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He feels no joy, his cares increase,
He neither wakes nor sleeps in peace;
In fancy'd want, a wretch complete,
He starves, and yet he dares not eat.

The next to sudden honours grew :
The thriving art of courts he knew :
He reach'd the height of pow'r and place,
Then fell, the victim of disgrace.

Beauty with early bloom supplies
His daughter's cheek, and paints her eyes.
The vain coquette each suit disdains,
And glories in her lovers' pains.
With age she fades, each lover flies,
Contemn'd, forlorn, she pines and dies.

When Jove the father's grief survey’d,
And heard him heav'n and fate upbraid,
Thus spoke, the god : “ By outward show,
Men judge of happiness and woe:
Shall'ignorance of good and ill
Dare to direct th' eternal will ?
Seek virtue; and, of that possess'd,
To Providence resign the rest."



WHEN night in falling dew descends,

And wraps the shadowy plain;
When sleep his balmy influence lends,

Begins my tranquil reign.
Far from the giddy haunts of men

Is fix'd my calm abode,
Deep in some lone embowered glen,

By human foot untrod.
For such the injustice of mankind,

Though ne'er by me annoy'd,
Whene'er my close retreat they find

I'm broken and destroy'd.
To every place of gay resort

I entrance seek in vain,
Nor to the senate, nor the court
Admittance can I gain,


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But to complete my.hapless fate,

The ladies are my foes;
Where'er I come, with deadly hate,

My entrance they oppose.
And much I fear, through this disguise

When once my name they've trac'd,
With one accord they'll quickly rise

And drive me out in baste.

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Again your homble servant comes,
Sound your trumpets, beat your drums,
For I'm of the warlike race,
And in battle's front have place.
When my brazen jaws expand
Thousands drop by sea and land;
Such combustibles I gorge,
That protect our sovereign George.
I my lightning spread around
Just before the mighty sound
That proclaims the fatal ill,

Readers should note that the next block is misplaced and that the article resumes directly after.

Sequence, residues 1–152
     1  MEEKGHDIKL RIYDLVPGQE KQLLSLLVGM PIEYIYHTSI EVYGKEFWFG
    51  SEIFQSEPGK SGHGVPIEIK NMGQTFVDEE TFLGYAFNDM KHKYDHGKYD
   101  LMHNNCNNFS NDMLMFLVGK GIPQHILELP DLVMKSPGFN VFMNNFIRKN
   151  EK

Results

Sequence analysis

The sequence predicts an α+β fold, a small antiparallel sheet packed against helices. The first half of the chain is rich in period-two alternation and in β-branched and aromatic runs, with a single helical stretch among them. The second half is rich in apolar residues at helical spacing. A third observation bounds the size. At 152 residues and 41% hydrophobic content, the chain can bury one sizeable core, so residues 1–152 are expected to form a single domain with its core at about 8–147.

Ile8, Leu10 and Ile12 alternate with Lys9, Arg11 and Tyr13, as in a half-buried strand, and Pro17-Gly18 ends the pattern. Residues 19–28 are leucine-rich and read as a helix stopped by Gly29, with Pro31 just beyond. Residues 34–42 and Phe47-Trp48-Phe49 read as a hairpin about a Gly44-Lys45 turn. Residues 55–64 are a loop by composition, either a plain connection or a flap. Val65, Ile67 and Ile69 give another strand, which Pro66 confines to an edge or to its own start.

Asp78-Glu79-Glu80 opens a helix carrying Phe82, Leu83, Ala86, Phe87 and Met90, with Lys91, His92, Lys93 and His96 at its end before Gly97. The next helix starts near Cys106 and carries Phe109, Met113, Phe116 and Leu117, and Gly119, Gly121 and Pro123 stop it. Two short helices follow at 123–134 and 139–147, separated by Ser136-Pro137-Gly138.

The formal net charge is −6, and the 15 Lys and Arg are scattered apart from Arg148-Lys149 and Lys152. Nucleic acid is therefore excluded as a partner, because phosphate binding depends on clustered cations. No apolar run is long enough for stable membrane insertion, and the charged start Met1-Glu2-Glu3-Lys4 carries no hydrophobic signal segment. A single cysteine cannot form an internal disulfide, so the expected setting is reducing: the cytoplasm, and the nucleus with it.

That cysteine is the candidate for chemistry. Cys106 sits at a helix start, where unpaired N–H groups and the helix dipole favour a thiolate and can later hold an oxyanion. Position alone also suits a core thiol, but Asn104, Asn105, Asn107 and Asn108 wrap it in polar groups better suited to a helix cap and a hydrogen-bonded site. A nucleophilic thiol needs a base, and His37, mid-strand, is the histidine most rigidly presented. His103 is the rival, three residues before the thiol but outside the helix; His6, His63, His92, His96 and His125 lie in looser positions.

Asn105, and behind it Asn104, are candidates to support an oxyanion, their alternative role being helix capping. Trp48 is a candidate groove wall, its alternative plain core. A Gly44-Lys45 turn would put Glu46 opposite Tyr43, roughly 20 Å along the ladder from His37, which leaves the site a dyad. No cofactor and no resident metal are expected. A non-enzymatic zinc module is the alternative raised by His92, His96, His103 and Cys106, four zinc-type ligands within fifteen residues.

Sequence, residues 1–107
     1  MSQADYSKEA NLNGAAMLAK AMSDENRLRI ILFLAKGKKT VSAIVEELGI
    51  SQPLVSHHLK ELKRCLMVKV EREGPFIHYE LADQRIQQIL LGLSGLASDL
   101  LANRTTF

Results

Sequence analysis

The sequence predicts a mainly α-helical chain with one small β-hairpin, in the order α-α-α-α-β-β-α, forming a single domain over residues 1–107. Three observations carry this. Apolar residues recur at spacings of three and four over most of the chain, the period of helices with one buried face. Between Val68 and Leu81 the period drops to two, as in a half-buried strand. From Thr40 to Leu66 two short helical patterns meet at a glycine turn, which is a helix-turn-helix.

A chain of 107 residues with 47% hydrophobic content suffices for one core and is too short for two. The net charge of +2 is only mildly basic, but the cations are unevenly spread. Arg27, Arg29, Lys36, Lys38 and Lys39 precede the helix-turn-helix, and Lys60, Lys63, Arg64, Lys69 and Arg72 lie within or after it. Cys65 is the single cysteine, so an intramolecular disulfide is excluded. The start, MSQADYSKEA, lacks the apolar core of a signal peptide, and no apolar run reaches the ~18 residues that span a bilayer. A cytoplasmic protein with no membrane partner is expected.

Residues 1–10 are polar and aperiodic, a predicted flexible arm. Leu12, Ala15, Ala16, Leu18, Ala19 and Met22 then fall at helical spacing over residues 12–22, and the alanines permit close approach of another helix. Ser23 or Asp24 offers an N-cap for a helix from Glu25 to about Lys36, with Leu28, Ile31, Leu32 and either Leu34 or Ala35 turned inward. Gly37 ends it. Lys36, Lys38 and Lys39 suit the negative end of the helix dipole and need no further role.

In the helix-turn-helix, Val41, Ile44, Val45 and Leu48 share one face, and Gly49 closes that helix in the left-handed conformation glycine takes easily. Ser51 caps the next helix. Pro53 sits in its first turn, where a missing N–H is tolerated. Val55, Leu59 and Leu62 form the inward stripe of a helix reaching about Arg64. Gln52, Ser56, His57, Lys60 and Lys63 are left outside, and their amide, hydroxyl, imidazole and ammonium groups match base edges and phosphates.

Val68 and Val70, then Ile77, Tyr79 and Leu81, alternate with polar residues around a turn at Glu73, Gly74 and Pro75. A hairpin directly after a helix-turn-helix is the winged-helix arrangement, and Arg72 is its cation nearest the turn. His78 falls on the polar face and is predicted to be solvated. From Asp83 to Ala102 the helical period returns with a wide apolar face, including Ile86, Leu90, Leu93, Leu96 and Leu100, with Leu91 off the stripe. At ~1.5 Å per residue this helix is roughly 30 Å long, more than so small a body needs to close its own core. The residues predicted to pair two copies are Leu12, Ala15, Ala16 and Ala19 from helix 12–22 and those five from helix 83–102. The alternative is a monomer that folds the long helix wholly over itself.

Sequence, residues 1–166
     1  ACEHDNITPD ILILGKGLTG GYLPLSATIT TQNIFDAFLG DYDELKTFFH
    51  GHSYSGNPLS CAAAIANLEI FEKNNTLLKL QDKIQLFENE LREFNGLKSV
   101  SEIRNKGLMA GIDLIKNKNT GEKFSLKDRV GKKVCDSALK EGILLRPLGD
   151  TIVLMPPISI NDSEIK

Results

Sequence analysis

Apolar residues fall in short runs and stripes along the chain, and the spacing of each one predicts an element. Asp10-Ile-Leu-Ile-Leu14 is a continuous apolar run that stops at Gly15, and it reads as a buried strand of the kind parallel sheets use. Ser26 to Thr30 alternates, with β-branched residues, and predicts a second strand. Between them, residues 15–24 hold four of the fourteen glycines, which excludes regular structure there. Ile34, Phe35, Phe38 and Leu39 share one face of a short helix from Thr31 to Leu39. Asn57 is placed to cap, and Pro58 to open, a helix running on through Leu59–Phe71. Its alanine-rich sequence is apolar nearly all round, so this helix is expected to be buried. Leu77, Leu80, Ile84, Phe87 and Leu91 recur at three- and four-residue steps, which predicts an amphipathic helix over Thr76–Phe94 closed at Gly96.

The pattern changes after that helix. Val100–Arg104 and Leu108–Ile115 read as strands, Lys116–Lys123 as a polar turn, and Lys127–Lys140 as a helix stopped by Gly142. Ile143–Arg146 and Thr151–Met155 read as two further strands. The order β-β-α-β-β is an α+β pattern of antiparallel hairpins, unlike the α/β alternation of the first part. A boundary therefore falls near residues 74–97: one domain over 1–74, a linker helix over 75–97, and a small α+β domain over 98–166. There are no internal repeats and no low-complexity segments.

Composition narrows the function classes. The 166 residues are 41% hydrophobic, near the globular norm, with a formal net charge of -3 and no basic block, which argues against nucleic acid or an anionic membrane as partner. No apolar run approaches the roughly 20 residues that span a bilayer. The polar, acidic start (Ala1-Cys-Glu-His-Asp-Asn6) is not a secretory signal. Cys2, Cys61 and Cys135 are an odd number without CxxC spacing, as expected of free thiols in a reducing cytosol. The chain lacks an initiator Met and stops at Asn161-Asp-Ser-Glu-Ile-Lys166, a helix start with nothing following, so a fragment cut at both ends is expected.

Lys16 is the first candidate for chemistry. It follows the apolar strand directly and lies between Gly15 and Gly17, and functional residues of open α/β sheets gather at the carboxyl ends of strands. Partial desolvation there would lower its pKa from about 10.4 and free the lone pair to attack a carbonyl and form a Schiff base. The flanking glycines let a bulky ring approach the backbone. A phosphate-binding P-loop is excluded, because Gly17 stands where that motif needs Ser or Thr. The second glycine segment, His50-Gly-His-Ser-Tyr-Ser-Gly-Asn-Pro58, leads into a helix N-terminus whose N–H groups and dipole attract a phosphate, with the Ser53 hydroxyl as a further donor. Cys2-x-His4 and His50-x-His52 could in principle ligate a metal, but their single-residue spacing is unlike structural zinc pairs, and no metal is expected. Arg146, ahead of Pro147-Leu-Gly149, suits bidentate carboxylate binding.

Which old Albion's enemies kill.
Mark me when I shake the earth,
Outrage, slaughter, pain, and death,
With a thousand ills pursue,
That make the sons of discord rue.

Ye sages profound,

For wisdom renown'd,
Know, we never exist in the light,

In the day we are found,

In the dark too abound, But never were seen in the night.

ENIGMA 4. Produç'd between a haggard pair, An offspring beautiful and fair ; As soon as it comes it wants to be fed, You must ourse it up close in a warm little bed ; Give it plenty of air, physicians allow, It will make it grow faster than milk from the cow;


Pray shut your doors fast, or else without doubt,
If its nurse chance to leave it 'twill surely go out;
It goes to the tavern as soon as it's light,
And there it remains sometimes till midnight:
With eating you'd think it would never suffice;
Give it plenty of liquor it drinks till it dies ;
It smokes with the king, and it smokes with the peasant;
And to it their society's equally pleasant;
It smok'd with old Homer, that excellent bard,
But Diogenes prov'd for it rather too hard ;
And yet I have heard it was in his plan, z
When he went to search out for a good honest man.

Just under your nose, if you transpose it right,
The part of a foot will appear to your sight.

A prophet's name transpose with care,
'Twill plainly show what all men are.

My first, fair ladies, you must choose.
One of the nine, who's call'd a muse;
The founder of idolatry
Must be the next, if we agree;
What we all hope for when we die,
(And you hope for, as well as 1 :)
A bird sequester'd from the race,